24 June, 2012
24 June 2012
With a fair number of daylight hours remaining and Einar beginning to grow quickly chilled sitting there in camp he set out to scout the river, taking only his knife, spear and the pistol Kilgore had left for him. A weapon, he knew, of last resort, as he couldn’t afford the chance someone might hear its sharp report under any but the most dire of circumstances, but he was glad to have it, as he knew very well that there is simply no telling when things can turn ugly, and he was glad for any advantage on which he might be able to call.
Chilly down there in the valley, sun within an hour of dipping behind the opposite ridge though it was scarce two hours past noon, and he knew it would be quite late rising in the morning, as well. Despite the altitude and its attendant difficulties, their basin did have the advantage of a later sunset, being up out of the valley by a good two and a half thousand feet. Would be a real advantage had they intended to try a garden of any sort at all, those extra few hours of sunlight, but he doubted they would get around to such a thing. They were and ought to try and remain foragers, roving omnivores living off the bounty of the land and planning their movements around its seasonal patterns, gathering, digging, trapping and hunting as necessary but never coming to rely too heavily on one particular source of nutrition, for of such unwise endeavors were famines made, and they would have enough struggle as it was, finding enough to eat up there from time to time. Would all depend on the year itself, snowfall, weather, abundance of one crop or another and the health of the various furry critters which fed on them, and the last thing they needed was to try and add agriculture into the mix.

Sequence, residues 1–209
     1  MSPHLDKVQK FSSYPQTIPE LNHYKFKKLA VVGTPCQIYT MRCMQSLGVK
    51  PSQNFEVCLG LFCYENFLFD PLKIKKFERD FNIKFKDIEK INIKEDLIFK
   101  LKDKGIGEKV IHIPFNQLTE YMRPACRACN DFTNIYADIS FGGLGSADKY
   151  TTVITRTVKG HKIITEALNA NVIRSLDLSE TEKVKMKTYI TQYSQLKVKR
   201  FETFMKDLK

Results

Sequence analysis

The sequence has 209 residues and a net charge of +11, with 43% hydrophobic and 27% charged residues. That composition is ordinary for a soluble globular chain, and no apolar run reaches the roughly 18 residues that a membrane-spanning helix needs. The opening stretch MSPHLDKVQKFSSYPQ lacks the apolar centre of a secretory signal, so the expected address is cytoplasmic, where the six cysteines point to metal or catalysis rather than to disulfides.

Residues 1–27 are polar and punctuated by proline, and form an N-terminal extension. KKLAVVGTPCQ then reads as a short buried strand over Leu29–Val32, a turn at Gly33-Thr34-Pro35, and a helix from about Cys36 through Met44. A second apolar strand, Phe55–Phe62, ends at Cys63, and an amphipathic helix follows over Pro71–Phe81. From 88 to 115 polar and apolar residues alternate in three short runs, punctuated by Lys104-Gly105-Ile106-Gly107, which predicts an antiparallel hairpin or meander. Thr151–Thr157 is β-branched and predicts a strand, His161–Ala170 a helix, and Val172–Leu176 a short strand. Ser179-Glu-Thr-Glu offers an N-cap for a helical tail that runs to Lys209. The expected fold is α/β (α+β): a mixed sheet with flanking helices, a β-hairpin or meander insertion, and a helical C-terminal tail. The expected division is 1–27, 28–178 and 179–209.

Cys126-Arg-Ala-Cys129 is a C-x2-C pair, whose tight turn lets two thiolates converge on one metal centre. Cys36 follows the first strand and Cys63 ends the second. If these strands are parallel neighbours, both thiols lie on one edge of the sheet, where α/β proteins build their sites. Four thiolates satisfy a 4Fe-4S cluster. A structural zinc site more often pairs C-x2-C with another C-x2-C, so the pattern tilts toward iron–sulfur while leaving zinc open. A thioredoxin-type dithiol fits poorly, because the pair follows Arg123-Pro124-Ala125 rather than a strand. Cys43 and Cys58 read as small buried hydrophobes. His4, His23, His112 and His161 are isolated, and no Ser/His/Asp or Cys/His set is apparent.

Not that it would have hurt anything to have a small patch of potatoes, some strawberries, perhaps, cabbages and broccoli and beets…his stomach growled at the thought of beets, their good earthy richness which had always seemed to him something like eating the soil itself, in the best possible way, and he hungered for them, wished they had a few stashed away up at the cabin, securely stored beneath a foot or two of slightly damp spruce straw to prevent freezing… Shook his head to dispel the tasty fantasy, glanced furtively about the camp as if half fearing someone might have managed to sneak up on him during his brief reverie, but there was no one. Would be no garden plot out front of the cabin anytime, either, not something they could risk, despite its obvious benefits. The appearance of cultivated ground--such a garden hardly being something one could tuck away in the dark shadows beneath the timber; it needed sunlight--being too great of a draw for any eye which might be passing by in the sky, a break in the pattern which might well serve to give them away.